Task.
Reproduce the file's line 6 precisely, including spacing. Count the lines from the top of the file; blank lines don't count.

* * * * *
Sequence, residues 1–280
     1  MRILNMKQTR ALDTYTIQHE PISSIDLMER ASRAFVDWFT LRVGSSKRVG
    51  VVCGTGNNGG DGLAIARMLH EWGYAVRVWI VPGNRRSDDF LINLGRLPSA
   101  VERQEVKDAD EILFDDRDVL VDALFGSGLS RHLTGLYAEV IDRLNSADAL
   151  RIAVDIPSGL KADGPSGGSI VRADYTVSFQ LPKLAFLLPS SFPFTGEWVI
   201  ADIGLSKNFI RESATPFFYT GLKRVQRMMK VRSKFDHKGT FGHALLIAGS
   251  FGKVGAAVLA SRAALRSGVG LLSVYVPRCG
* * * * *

   201  ADIGLSKNFI RESATPFFYT GLKRVQRMMK VRSKFDHKGT FGHALLIAGS